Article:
Charleston’s former slave trade port will reopen as a museum

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Many have used the age-old tale of a phoenix rising from the ashes as a metaphor for life to remind us that beauty can be on the other side of pain, tragedy and loss if we allow it.

The sordid history of Gadsden’s Wharf, a former slave ship docking port in Charleston, South Carolina, will soon be revamped as the International African American Museum.

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Gadsden’s Wharf operated at the height of the international slave trade, with around 100,000 enslaved Africans transported and sold from the wharf as literal cargo. Now, a 150,000 square foot facility will take its place starting the weekend of January 21, 2023. This plan has surprisingly been in the works before that launch date, dating back two decades ago when former Charleston Mayor, Joseph P. Riley Jr. announced the plans in 2000.

More below on how things finally took off, via Live News 5:

“Dr. Tonya Matthews, president and CEO of the International African American Museum, says they led the way in 2020 just before the pandemic hit. Supply chain issues were the biggest setbacks, but they are back on track and are delighted to welcome visitors early next year.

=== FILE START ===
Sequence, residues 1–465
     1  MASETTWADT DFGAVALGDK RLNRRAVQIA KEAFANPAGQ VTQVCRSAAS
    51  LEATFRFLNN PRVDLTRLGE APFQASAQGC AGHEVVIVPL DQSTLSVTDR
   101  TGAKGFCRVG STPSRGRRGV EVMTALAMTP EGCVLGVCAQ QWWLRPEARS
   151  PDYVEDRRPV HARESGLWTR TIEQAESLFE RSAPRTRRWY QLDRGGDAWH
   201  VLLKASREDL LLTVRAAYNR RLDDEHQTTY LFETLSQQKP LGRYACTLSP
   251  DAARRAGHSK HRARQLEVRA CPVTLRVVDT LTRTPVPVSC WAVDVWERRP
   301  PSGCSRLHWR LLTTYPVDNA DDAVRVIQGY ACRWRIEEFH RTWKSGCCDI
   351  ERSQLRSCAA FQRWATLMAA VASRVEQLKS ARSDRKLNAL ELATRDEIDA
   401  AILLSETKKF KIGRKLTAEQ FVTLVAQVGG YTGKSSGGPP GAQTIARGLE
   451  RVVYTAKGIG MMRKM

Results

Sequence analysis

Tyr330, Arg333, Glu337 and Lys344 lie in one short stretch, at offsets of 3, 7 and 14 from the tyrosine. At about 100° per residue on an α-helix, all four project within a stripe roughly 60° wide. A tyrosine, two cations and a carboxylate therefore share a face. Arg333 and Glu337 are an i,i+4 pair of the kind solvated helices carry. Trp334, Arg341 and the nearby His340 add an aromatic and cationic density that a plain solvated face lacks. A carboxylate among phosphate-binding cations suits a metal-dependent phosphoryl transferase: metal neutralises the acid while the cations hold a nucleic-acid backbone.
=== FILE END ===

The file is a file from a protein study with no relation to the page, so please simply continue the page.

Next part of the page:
Matthews says the choice of opening date was important, they wanted to have their own space to celebrate. The museum took decades to build and there are several reasons for that.

One reason is that it was built from the ground up at a cost of just under $100 million, and the museum has pledged to raise most of the money before it begins. There is so much African American history here in Charleston. This is another reason why this home base of the museum is unique.

“We had the ability to reclaim space from Gadsden’s Wharf, one of our country’s most prolific international slave-trading ports,” says Matthews.

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Those looking for more information about the International African American Museum can visit on line. Check out a preview of the layout in a WCBD News 2 report below:

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Garland K. Long